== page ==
The state is going to pot, and that’s attracting “cannabusinesses” that want to get in on the wacky weed action.

At least one company is seeking both retail and grow sites even though the state isn’t expected to request applications for some weeks — and for just five “organizations.” Other organizations could be added later.

Derek Peterson, CEO of Terra Tech, which also farms herbs and vegetables, already has legal dispensaries and grow sites in Nevada and Oakland, Calif., and will be applying for them in New York state, too, he said.

“You can operate up to four dispensaries and one cultivation facility and a production facility,” Peterson explained.

Specific sites must be listed on the applications and since the five organizations by law will be geographically diverse, Peterson is seeking to have pacts in place for many locations.

These will include those with at least an acre of land to set up his MediFarm subsidiary hydroponic greenhouses. The company would also set up an adjacent facility to convert the potent greens to oils and edibles as well as vapes.

The perfect scenario, he said, would come with an option to buy, and if it’s a larger site, he can bring in his other crops with appropriate security and separations.

Several different economic development agencies have already targeted MediFarm to set up in their part of the state.

Peterson is also seeking disparate retail locations in various neighborhoods “where a Starbucks would go.” He plans for 2,000 to 3,000 square feet for each of his dispensaries.

Meanwhile — despite the numerous states that have set up legal weed operations and the potential for millions of dollars in state taxes and billions of dollars for businesses — federal regulations still make it illegal. That means building owners need to be laid back and hope the Feds stay out of the marijuana beds.

Who doesn’t want lower taxes? The Tax Commission is the city’s independent arbiter of property assessment reductions — think public advocate but with actual responsibilities to review the assessments set by the Dept. of Finance upon an application by the property owner.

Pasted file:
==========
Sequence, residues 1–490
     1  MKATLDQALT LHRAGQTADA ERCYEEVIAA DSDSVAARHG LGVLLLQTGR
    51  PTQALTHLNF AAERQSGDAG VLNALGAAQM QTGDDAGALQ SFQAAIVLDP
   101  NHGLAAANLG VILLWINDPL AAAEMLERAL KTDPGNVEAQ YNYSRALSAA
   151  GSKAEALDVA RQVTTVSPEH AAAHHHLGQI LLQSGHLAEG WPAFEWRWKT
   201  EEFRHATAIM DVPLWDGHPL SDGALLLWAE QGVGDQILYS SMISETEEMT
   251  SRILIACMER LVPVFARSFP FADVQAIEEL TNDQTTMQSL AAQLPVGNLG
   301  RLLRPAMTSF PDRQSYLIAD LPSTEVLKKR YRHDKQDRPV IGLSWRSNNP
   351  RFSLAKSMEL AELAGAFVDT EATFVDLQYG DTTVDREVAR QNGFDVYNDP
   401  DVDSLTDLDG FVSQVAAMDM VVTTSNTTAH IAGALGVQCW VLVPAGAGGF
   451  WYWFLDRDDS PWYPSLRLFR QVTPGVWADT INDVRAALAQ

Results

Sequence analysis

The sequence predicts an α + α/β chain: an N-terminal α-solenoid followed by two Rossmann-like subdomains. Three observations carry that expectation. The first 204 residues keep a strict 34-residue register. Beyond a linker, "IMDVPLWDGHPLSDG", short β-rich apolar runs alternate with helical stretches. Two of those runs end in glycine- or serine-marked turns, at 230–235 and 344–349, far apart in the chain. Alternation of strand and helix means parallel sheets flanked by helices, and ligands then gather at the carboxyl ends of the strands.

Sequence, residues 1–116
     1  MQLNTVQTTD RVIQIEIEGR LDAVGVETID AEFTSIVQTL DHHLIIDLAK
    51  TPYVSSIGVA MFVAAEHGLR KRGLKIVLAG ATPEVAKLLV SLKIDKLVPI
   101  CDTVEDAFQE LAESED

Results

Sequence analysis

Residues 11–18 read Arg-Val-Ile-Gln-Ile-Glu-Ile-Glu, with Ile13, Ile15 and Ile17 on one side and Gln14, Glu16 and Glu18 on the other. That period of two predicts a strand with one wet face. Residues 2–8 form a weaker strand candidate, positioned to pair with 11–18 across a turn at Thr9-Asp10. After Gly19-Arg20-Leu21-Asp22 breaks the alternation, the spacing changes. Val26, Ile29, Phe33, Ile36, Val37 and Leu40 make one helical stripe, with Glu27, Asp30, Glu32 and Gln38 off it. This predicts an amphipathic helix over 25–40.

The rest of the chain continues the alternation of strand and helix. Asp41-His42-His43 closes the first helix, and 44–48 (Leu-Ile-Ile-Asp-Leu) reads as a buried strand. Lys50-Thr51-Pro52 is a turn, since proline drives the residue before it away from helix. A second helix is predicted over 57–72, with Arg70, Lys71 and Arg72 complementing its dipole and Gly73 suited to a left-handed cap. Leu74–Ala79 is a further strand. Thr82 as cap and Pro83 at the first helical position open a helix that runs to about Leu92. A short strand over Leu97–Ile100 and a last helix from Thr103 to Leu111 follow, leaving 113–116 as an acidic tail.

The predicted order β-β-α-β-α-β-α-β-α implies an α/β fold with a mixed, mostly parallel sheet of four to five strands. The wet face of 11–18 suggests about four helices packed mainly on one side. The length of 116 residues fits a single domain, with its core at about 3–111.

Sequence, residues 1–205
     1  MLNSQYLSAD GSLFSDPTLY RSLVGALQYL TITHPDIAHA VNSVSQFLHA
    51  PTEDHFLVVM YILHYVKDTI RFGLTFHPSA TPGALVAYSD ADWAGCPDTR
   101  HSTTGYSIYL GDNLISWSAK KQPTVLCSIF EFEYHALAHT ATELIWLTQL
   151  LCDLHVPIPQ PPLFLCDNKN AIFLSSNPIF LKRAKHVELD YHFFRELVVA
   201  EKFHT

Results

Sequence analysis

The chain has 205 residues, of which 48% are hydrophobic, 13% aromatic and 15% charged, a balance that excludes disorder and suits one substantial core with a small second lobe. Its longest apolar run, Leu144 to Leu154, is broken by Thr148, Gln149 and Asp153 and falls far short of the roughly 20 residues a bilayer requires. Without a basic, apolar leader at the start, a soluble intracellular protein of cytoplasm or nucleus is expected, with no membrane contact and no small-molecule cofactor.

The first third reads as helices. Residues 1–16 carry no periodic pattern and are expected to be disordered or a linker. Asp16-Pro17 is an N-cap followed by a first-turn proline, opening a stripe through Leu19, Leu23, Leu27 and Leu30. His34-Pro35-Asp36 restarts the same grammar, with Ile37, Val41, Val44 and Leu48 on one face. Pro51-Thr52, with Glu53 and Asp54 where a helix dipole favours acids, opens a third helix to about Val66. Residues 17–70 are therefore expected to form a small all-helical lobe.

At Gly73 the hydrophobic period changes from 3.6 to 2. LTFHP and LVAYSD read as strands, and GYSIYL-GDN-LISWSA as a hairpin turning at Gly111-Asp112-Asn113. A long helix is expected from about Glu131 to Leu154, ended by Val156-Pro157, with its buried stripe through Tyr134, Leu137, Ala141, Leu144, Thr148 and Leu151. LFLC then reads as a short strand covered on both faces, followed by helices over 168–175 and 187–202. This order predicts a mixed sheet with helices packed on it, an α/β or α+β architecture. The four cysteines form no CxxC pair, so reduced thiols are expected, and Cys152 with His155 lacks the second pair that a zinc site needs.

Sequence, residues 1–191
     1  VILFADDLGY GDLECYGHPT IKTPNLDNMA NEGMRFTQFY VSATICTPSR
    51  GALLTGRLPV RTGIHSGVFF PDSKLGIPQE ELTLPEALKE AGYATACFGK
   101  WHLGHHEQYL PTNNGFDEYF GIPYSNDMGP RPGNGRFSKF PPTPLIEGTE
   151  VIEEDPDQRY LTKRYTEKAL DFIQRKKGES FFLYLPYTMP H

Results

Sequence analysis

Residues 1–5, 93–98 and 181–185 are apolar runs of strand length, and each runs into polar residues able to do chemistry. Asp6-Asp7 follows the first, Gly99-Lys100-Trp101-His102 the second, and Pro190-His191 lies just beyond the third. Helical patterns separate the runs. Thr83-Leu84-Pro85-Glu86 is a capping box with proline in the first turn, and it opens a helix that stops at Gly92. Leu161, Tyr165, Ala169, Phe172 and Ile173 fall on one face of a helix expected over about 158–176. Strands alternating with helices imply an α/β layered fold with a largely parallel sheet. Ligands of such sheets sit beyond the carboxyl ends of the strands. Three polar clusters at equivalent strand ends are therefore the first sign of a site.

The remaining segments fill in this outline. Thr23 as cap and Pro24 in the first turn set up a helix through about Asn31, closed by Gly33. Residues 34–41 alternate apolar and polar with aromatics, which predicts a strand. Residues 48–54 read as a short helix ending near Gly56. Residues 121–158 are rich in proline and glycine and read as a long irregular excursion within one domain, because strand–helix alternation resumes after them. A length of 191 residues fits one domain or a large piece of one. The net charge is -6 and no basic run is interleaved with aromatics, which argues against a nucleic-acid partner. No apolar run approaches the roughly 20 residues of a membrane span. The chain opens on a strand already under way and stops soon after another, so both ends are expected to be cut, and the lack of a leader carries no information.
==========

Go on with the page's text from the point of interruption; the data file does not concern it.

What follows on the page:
Last year, we discovered, the Tax Commission granted nearly $5.885 billion in assessment reductions after receiving 52,221 protests on 193,305 tax lots and hearing an astounding 24,254 cases.

According to the 2014 Tax Commission report issued last month, offers were made and accepted on 7,861 cases affecting 33,987 lots worth $4.9 billion in assessment reductions. Additional offers were made and accepted on unresolved open applications from 2013. As a requirement, accepting an offer also settled back years that had $60 billion in assessed value under review.

By comparison, in 2014, the City’s Law Dept. settled 601 cases worth $1.9 billion. A mere 74 cases were decided by the state courts that resolved $43.15 million in assessed values.

In the report, Tax Commission President Glenn Newman said the commission also resolved cases last year for victims of Superstorm Sandy who made repairs and complained Finance bumped the assessed values more than justified.

With $199.231 million in assessed value reductions for its various utility properties, Verizon was last year’s taxpayer winner. Of that, $93.76 million was for one location.

The Standard Hotel in the Meatpacking District had the next-highest amount, $41.9 million, lopped off in 2014.

Madison Square Garden also received a reduction of $36.9 million. While it still pays no taxes, it is responsible for city fees on items like elevator inspections. It now owes the city almost $5,000 and has paid just $584.18 over the last two years. No water meter could be found despite what must be a huge number of toilets flushing during half times.

At the Real Estate Board of New York’s lunch at the New York Hilton on Tuesday, Savills Studley’s Gabe Marans was chosen as 2014’s Most Promising Rookie Commercial Salesperson.

The program moderated by investment broker Douglas Harmon of Eastdil Secured included office investor and Port Authority Commissioner Scott Rechler of RXR, and retail maestro Jeff Sutton of Wharton Properties.

With GGP, Sutton will be closing on the $1.775 billion purchase of the Crown Building later this month that was marketed by Harmon.